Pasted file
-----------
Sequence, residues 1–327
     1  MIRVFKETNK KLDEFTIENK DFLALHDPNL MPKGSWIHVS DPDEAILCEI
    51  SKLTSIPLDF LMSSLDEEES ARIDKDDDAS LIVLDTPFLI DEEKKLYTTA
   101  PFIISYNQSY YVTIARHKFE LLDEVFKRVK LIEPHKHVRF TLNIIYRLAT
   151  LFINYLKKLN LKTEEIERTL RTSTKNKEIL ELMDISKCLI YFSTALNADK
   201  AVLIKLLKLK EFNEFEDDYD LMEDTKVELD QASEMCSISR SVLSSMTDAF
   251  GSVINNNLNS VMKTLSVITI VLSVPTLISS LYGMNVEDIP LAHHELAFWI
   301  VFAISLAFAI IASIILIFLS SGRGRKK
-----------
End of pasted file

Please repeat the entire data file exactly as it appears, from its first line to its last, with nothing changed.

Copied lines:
Sequence, residues 1–327
     1  MIRVFKETNK KLDEFTIENK DFLALHDPNL MPKGSWIHVS DPDEAILCEI
    51  SKLTSIPLDF LMSSLDEEES ARIDKDDDAS LIVLDTPFLI DEEKKLYTTA
   101  PFIISYNQSY YVTIARHKFE LLDEVFKRVK LIEPHKHVRF TLNIIYRLAT
   151  LFINYLKKLN LKTEEIERTL RTSTKNKEIL ELMDISKCLI YFSTALNADK
   201  AVLIKLLKLK EFNEFEDDYD LMEDTKVELD QASEMCSISR SVLSSMTDAF
   251  GSVINNNLNS VMKTLSVITI VLSVPTLISS LYGMNVEDIP LAHHELAFWI
   301  VFAISLAFAI IASIILIFLS SGRGRKK